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GROB: I need a shot of the forgiveness vaccine, too

By James Grob,

Hooray for me, I’m getting my shot.

Yesterday I received a call from the good folks at the county public health department, and they scheduled me in. My first shot is later this week, and my second shot will be about a month from now.

I hope you’re getting yours soon, too. Please do what you can. If you’re having trouble getting scheduled, find someone who can help you. The sooner we can end this, the better.

GROB: I need a shot of the forgiveness vaccine, too
James Grob

For over a year now, I’ve been writing columns and articles advising and urging the good readers of this periodical to keep a safe social distance, practice good hygiene and wear a mask when you’re out in public. You’re sick of hearing that. I’m sick of telling you.

The “practice good hygiene” part seemed pretty easy for most folks, which is good. There were a few smart butts who got mouthy about that, probably because they’re still mad at their moms for making them wash their hands before dinner when they were little kids. You’re always going to have a few smart butts, bless their hearts.

The keeping a social distance thing was actually the most painful, but most folks eventually abided. The most heartbreaking part of that was families and friends unable to get together, unable to talk in person, unable to hug. Every story I heard about that made me want to cry. You couldn’t give your mom a hug? You couldn’t shake your buddy’s hand? That hurts.

People missed family Thanksgivings and family Christmases. That’s just not cool, and never will be.

The social distance part where you don’t sit or stand right next to someone should have been a lot easier, but unfortunately it wasn’t at first. More than once I had to get a little huffy and clear some space at my local convenience store. Once a few people were told to back off, however, most of them got the gist of it.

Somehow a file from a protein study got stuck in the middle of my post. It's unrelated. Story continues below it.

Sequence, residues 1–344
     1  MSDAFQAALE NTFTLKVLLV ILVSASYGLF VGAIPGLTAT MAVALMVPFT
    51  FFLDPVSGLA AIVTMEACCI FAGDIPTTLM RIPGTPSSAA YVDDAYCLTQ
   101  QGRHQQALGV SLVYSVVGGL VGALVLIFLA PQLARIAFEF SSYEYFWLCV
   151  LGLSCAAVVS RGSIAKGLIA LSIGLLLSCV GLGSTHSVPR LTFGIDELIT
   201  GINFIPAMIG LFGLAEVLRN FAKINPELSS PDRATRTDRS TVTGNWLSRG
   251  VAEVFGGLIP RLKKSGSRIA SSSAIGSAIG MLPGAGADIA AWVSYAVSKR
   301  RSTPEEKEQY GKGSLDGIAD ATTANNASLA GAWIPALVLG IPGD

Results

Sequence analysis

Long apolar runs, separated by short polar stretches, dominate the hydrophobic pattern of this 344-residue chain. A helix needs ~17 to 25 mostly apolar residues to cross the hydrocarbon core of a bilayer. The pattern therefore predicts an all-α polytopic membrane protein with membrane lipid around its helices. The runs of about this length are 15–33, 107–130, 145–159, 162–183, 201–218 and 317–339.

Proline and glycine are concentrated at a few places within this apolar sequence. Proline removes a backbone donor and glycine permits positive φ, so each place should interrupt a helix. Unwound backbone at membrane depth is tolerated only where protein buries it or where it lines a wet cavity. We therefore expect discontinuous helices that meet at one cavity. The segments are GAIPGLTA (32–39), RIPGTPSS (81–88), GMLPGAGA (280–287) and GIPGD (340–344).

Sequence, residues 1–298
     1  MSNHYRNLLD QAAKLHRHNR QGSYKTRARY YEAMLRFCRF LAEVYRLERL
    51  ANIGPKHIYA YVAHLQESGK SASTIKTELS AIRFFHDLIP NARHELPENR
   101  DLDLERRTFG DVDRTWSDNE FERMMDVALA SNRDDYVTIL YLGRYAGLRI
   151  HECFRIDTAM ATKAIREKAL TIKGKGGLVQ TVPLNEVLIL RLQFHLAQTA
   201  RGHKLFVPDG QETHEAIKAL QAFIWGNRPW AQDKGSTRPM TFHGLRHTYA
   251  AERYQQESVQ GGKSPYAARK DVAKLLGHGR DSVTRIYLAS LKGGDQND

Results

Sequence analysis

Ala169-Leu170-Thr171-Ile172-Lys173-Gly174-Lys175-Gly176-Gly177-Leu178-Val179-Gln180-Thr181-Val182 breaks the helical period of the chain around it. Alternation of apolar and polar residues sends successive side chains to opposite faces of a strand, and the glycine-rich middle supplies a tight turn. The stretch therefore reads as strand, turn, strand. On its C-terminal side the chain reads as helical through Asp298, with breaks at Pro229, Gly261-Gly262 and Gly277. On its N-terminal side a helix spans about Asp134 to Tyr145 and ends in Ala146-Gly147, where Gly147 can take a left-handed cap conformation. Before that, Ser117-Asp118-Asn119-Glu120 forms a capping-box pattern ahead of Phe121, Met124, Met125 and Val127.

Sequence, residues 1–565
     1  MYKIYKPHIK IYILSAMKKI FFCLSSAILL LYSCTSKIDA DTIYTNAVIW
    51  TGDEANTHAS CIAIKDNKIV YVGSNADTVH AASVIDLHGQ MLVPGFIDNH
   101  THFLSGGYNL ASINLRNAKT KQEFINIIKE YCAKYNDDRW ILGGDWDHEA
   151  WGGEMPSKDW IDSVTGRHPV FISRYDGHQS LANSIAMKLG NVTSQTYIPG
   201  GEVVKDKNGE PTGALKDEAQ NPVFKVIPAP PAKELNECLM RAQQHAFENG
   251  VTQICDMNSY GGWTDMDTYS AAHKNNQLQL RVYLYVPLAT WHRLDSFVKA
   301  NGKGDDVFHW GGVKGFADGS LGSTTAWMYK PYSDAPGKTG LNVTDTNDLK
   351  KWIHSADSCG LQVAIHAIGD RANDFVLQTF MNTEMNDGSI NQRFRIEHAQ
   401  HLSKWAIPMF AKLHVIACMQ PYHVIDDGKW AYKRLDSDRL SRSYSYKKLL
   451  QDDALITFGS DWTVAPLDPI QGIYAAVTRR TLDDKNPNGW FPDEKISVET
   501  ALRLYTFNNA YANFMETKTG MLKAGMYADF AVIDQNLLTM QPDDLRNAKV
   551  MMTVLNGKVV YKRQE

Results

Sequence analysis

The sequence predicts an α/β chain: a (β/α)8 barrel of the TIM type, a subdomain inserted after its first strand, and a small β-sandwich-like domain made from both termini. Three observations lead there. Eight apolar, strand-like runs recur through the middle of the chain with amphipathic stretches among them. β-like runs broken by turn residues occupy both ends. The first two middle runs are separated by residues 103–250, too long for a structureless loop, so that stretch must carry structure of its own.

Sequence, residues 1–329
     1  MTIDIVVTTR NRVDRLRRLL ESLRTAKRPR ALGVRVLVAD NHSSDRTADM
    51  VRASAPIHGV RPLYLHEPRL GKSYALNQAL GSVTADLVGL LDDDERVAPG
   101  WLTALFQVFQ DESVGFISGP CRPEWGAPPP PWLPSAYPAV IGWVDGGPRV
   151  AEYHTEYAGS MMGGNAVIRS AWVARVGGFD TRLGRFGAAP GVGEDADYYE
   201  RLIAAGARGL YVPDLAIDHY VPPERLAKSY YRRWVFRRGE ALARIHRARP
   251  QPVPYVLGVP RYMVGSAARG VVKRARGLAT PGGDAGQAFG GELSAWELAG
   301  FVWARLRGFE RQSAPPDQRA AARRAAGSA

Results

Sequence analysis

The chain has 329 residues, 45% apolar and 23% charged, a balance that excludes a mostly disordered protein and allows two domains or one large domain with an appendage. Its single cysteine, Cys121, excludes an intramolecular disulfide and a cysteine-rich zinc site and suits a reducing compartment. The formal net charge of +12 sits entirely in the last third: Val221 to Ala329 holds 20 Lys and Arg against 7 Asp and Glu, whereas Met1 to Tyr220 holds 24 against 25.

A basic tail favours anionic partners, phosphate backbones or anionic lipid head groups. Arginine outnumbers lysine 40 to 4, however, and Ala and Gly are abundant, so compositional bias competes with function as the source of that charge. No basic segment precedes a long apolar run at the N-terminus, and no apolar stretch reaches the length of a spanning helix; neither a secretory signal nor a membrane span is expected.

Personally, I hope the backing off and getting the heck out of my space part of COVID mitigation is something that lasts well beyond the virus. I’ve never liked it when someone is in my space. It stimulates a deep-rooted urge to become violent, and awakens my worst human impulses.

What should have been the easiest part — wearing masks — ended up being the hardest, and that still makes absolutely no sense to me. Why on earth would you not put a mask on?

People insulted me, they threatened me, they called me names, they called my wife names, they called my kids names — all because I asked them to do what every informed, educated person was telling them to do. Prominent local business people actually tried to get me fired from my job because I asked them to wear a mask.

I’ve been fighting cancer for five years, folks. I’m a high risk of death from COVID. My parents are, too. Same for my nephew, who has Down syndrome. My list of loved ones at high risk goes on and on. Is it any wonder why I’m insisting you put a mask on? Is it any wonder why, when you deliberately choose to not wear a mask, I consider you a threat?

And yet, I’m somehow the bad guy for asking you to do what you know is the right thing to do. And then, I’m told I’m supposed to have thick skin and not take things like that personally.

I don’t always do what I’m told.

Save your stories about how masks don’t help. They are complete BS, and you know it.

The fact is, more than a half million people in this country who would not be dead are now dead, mostly because there were enough other people who did not practice good hygiene, did not socially distance and did not wear masks when they should have.

I personally knew some of those people who died. I also know some of the people responsible. I’m not going to investigate the super-spreader locations here in our community, but we all know where they are. Some people should be ashamed, but they never will be.

We are nearing the end now. My best guess is that by the end of the summer, COVID-19 won’t be a thing anymore, and I am grateful for that.

I’m a strong believer in forgiveness. I believe that “forgive and forget” is the best way to live.

Sometimes it’s not so easy to forgive and forget, though. Sometimes it’s a lot easier to just wear a damn mask.

Anyway, I’m getting my shot. I’m pretty happy about that. Hooray for me.

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